Perhaps my favorite discovery was learning that the four buttons on the left Joy-Con caused Kirby to emote. There’s a happy reaction, a waving reaction, a bug-eyed reaction, and a big shiny-eyed reaction. It made it fun to communicate with other players, whether I competed locally with my husband or people online.
|Gourmet Grand Prix||A full-course dream buffet with two races, a minigame, and a climatic battle royale. You may even earn Character Treats!|
|Single Race||A bite-sized competition where players race each other to the end goal to gobble up one of three Strawberry Mountains.|
|Single Minigame||A bite-sized minigame where players battle to eat more strawberries than anyone else.|
|Single Battle Royale||A bite-sized battle royale held on top of a tasty main course. Eat Copy Foods, and use them to turn the tables on your foes!|
|Free Rolling||Practice your rolling in a safe open space. You can also try different Copy Foods while you’re there. Roll, snack, and celebrate with friends!|
While I can choose which competitive modes to play, the game randomly decides which courses will come to me. This feels a little strange; I would prefer to choose what tracks I race on like I can in Mario Kart 8 Deluxe. However, it also provides an element of surprise since I don’t know what’s coming.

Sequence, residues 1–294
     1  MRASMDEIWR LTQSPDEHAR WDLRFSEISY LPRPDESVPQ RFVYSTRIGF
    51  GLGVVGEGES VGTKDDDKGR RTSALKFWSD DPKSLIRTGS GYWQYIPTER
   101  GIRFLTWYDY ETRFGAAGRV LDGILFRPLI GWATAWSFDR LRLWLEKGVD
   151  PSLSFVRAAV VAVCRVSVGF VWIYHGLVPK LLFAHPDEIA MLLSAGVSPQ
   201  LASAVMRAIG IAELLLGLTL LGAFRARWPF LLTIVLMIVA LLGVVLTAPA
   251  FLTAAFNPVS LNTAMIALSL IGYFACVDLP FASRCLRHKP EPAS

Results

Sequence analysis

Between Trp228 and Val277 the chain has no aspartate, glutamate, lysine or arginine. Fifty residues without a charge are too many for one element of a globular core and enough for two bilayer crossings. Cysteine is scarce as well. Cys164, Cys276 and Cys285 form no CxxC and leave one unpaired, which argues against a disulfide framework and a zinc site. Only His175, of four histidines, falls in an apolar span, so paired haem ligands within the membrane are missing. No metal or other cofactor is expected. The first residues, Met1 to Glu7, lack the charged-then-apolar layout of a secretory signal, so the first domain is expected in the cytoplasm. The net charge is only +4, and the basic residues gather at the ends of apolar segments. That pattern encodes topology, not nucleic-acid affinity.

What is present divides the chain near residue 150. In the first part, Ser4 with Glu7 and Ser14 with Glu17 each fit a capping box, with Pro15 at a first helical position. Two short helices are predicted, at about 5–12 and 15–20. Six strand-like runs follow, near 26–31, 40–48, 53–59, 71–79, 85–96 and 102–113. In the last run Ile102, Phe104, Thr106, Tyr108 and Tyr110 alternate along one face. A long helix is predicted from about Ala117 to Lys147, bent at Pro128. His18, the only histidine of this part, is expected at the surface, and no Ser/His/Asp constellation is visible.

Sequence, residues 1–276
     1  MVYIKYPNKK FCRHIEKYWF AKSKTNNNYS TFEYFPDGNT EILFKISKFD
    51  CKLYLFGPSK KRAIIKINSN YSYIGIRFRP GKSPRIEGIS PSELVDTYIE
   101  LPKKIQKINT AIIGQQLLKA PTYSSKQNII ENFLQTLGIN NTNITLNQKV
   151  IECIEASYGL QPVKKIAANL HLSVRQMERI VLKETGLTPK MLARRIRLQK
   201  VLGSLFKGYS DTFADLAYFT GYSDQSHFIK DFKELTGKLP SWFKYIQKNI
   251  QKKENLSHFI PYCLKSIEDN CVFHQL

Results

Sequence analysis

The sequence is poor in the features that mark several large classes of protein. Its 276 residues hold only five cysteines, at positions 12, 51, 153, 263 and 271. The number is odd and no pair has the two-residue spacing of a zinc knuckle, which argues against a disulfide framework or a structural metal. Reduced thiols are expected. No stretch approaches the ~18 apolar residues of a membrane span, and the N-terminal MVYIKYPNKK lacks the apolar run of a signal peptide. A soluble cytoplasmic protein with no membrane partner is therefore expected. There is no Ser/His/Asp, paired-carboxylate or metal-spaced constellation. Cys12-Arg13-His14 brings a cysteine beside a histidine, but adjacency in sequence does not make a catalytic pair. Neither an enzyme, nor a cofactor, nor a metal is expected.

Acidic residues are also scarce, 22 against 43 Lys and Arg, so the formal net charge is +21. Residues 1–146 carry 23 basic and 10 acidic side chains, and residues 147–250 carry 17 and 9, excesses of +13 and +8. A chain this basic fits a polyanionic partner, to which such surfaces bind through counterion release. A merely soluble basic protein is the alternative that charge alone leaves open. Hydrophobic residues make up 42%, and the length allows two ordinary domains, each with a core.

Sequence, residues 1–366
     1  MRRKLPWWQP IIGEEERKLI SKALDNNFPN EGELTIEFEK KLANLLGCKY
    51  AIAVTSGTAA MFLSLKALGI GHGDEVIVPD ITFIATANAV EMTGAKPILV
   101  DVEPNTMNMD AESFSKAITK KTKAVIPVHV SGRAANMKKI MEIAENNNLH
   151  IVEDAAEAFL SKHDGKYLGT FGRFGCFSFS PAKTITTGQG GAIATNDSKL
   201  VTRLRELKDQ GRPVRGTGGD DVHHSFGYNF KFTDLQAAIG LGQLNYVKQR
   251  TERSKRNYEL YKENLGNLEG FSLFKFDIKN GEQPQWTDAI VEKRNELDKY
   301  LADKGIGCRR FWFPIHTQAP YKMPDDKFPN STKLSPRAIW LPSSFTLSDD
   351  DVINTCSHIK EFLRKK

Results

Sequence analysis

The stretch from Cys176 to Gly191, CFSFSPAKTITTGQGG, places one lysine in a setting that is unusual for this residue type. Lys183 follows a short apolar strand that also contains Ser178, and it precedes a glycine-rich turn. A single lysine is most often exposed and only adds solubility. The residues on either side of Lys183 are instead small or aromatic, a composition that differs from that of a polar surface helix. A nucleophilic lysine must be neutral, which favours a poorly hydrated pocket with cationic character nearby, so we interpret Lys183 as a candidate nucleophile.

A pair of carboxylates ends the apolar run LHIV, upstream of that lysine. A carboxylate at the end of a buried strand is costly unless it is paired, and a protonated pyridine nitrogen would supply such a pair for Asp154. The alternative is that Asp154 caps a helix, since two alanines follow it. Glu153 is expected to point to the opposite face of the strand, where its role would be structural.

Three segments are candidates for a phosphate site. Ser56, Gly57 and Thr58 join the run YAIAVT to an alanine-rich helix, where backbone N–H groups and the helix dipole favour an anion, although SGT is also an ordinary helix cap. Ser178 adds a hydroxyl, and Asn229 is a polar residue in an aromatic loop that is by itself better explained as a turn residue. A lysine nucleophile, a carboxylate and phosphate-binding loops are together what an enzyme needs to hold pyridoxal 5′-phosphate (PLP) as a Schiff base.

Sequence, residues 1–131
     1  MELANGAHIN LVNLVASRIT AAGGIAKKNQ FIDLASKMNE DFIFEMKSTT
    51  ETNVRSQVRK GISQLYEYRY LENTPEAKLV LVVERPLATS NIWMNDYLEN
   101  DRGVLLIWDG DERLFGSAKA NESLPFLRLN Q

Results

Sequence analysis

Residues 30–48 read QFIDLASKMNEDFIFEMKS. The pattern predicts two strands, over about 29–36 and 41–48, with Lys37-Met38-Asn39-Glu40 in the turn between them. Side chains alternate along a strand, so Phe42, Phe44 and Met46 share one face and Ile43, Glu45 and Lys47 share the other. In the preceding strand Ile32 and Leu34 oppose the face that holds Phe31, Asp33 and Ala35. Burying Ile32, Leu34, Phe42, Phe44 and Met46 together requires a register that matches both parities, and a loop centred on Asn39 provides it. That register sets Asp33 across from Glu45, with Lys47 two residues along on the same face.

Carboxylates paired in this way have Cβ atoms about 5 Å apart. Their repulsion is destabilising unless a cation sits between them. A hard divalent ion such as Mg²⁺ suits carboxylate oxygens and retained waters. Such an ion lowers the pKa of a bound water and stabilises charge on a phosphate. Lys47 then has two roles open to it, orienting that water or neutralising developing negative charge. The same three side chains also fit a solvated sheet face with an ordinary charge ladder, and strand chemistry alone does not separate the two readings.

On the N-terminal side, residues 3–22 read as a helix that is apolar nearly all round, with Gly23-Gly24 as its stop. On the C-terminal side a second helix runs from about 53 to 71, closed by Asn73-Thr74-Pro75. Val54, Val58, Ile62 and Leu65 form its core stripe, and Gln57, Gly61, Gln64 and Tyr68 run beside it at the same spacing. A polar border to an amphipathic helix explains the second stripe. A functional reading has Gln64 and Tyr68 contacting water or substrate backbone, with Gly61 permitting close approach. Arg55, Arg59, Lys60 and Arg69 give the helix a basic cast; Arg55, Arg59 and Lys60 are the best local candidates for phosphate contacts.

Kirby is a bit sluggish and doesn’t move as fast as some people might like, but this makes him easier to control. Honestly, his slow movements feel right to me when I think about how squishy-soft his body is. Of course, he’d be a bit slow-moving!
The game is also very forgiving. If someone falls off the track, Kirby immediately starts hovering in the air with an ample hovering gauge above his head. All a player has to do is press A to get him to jump back towards the track and continue on.
All of the modes are short, making it easy to pick up or stop a game whenever I need to. Even the Grand Prix doesn’t take more than a few minutes to get through. Whenever you complete one of the competitive modes, a menu pops up and asks you if you want to play again, if you want to change your character’s look, or if you want to go back to the main menu. That way, you don’t have to go through the setup each time if you just want to play Grand Prix over and over again with a character customization you just unlocked.
There aren’t a ton of options for different games. Thankfully, Copy Foods are there to add a bit more variety and introduce a different twist on the Copy Abilities that Kirby is known for.
|Item||What is does|